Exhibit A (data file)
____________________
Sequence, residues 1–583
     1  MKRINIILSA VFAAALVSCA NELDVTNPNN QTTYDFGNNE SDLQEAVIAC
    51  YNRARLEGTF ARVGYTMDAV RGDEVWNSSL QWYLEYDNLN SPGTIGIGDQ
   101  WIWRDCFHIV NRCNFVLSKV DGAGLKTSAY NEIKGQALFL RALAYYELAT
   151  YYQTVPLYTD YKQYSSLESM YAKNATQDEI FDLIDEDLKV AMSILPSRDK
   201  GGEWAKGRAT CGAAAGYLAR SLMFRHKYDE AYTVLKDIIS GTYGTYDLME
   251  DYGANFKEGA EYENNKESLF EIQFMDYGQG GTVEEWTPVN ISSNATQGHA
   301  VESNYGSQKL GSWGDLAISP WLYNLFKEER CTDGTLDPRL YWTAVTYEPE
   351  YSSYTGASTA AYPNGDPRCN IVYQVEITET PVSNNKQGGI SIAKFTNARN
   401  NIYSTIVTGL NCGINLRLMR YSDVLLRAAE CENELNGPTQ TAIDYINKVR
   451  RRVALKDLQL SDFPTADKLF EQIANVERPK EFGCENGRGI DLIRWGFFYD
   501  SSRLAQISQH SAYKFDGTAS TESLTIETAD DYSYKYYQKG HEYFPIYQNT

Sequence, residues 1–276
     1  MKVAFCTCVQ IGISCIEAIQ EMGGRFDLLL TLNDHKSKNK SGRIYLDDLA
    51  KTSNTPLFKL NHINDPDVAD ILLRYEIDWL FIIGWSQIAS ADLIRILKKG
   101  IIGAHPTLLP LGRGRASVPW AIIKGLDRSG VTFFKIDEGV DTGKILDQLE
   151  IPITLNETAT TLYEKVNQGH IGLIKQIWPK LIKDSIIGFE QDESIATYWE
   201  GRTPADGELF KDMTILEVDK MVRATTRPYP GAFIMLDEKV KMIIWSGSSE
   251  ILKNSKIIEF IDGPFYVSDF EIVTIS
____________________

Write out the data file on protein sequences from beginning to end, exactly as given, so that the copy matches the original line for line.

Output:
Sequence, residues 1–583
     1  MKRINIILSA VFAAALVSCA NELDVTNPNN QTTYDFGNNE SDLQEAVIAC
    51  YNRARLEGTF ARVGYTMDAV RGDEVWNSSL QWYLEYDNLN SPGTIGIGDQ
   101  WIWRDCFHIV NRCNFVLSKV DGAGLKTSAY NEIKGQALFL RALAYYELAT
   151  YYQTVPLYTD YKQYSSLESM YAKNATQDEI FDLIDEDLKV AMSILPSRDK
   201  GGEWAKGRAT CGAAAGYLAR SLMFRHKYDE AYTVLKDIIS GTYGTYDLME
   251  DYGANFKEGA EYENNKESLF EIQFMDYGQG GTVEEWTPVN ISSNATQGHA
   301  VESNYGSQKL GSWGDLAISP WLYNLFKEER CTDGTLDPRL YWTAVTYEPE
   351  YSSYTGASTA AYPNGDPRCN IVYQVEITET PVSNNKQGGI SIAKFTNARN
   401  NIYSTIVTGL NCGINLRLMR YSDVLLRAAE CENELNGPTQ TAIDYINKVR
   451  RRVALKDLQL SDFPTADKLF EQIANVERPK EFGCENGRGI DLIRWGFFYD
   501  SSRLAQISQH SAYKFDGTAS TESLTIETAD DYSYKYYQKG HEYFPIYQNT

Sequence, residues 1–276
     1  MKVAFCTCVQ IGISCIEAIQ EMGGRFDLLL TLNDHKSKNK SGRIYLDDLA
    51  KTSNTPLFKL NHINDPDVAD ILLRYEIDWL FIIGWSQIAS ADLIRILKKG
   101  IIGAHPTLLP LGRGRASVPW AIIKGLDRSG VTFFKIDEGV DTGKILDQLE
   151  IPITLNETAT TLYEKVNQGH IGLIKQIWPK LIKDSIIGFE QDESIATYWE
   201  GRTPADGELF KDMTILEVDK MVRATTRPYP GAFIMLDEKV KMIIWSGSSE
   251  ILKNSKIIEF IDGPFYVSDF EIVTIS